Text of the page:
Orthopedic Physical Therapists Albert Lea MN

Orthopedic physical therapists diagnose and treat injuries of the muscular and skeletal systems. Orthopedic injuries and problems include repetitive strain injuries, ankle sprain, and osteoarthritis. Read on to learn more and to gain access to expert orthopedic physical therapists in Albert Lea, MN.

Albert Lea Medical Center Mayo Health System
(507) 377-5900
1705 SE Broadway Ave
Albert Lea, MN
Industry
Physical Therapist

Data Provided By:
Stutzman Physical Therapy
(641) 592-3500
107 N Washington St
Lake Mills, IA
Industry
Physical Therapist

Data Provided By:
Lewis Physical Therapy
(507) 433-8139
701 18th Ave NW
Austin, MN
Industry
Physical Therapist

Data Provided By:
St Mark's Lutheran Home Facility
(507) 434-9023
400 15th Ave SW
Austin, MN
Industry
Physical Therapist

Data Provided By:
Rehabilitation Health Specialists Pa
(507) 373-8226
901 Luther Place
Albert Lea, MN
Specialty
Outpatient Physical Therapy

Northwood Lutheran Therapy Clinic
(641) 324-4985
700 10th St N
Northwood, IA
Industry
Physical Therapist

Data Provided By:
Houdek Carol J Dr Dc
(507) 437-3655
308 4th Ave NW
Austin, MN
Industry
Massage Practitioner, Physical Therapist, Psychologist

Data Provided By:
Austin Medical Center Mayo Health System
(507) 433-8758
1000 1st Dr NW
Austin, MN
Industry
Osteopath (DO), Physical Therapist

Data Provided By:
Morgan Massage Therapy
(507) 433-5615
53047 255th St
Austin, MN
Industry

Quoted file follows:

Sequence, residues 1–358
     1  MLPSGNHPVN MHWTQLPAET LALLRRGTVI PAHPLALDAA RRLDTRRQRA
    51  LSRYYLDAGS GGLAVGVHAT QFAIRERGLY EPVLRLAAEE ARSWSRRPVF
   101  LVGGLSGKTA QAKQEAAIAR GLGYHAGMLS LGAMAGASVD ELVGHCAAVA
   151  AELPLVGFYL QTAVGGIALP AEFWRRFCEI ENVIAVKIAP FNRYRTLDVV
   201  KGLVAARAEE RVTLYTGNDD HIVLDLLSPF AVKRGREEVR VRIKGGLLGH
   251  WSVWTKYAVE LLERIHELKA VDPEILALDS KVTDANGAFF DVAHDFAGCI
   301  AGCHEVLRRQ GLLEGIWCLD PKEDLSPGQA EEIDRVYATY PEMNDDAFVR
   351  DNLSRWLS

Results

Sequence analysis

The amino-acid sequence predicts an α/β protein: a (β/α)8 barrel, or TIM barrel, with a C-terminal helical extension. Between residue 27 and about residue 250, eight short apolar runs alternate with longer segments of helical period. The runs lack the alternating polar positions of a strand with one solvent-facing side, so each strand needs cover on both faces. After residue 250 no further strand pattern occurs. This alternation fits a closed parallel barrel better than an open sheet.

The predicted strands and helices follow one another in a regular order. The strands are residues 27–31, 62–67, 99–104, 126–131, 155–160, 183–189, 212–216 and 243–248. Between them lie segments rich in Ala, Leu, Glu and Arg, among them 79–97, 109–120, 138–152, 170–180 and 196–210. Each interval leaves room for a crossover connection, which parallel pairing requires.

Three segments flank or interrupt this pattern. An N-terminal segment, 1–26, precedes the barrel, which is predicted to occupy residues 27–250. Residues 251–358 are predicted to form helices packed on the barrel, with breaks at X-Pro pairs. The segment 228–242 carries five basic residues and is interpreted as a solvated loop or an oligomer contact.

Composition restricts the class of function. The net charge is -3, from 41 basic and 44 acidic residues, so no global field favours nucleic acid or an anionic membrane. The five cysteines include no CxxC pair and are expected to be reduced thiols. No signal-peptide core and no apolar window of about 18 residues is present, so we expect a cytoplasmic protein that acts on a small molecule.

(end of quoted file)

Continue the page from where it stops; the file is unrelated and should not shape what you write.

Physical Therapist

Data Provided By:
Healthreach
(507) 377-5900
1705 Southeast Broadway Ave
Albert, MN
 
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Physical Therapists Give Hands-On Help for People with Knee Osteoarthritis

New evidence shows that special hands-on treatment given by trained physical therapists helps ease pain and stiffness in patients with knee osteoarthritis. The manual treatments used by the physical therapists in this study included hands-on tissue work, graded joint movements, and stretching. These treatments have been shown to calm pain and inflammation, help joints move better, and relax muscles.

Eighty-three patients were randomly placed in either a treatment group or a control group. Both groups were given a survey about their pain. They were also tested to see how far they could walk in a six-minute period. Then the patients went to therapy two times each week for a total of four weeks.

Along with manual therapies, the patients in the treatment group also did standard knee exercises in the clinic and at home. Participants in the control group were only given mock ultrasound treatments set at the lowest possible level, too low to really help their knee problem. This group was also told not to do anything different in the way of exercise or activity.

In the first few visits, people given manual treatments reported feeling 20 to 40 percent better. All patients again took the survey and did the walking test at eight weeks and then at one year after starting the therapy. Participants in the treatment group showed significant improvements according to the survey, and they walked further during the six-minute walk test. Compared to the control group, the patie...

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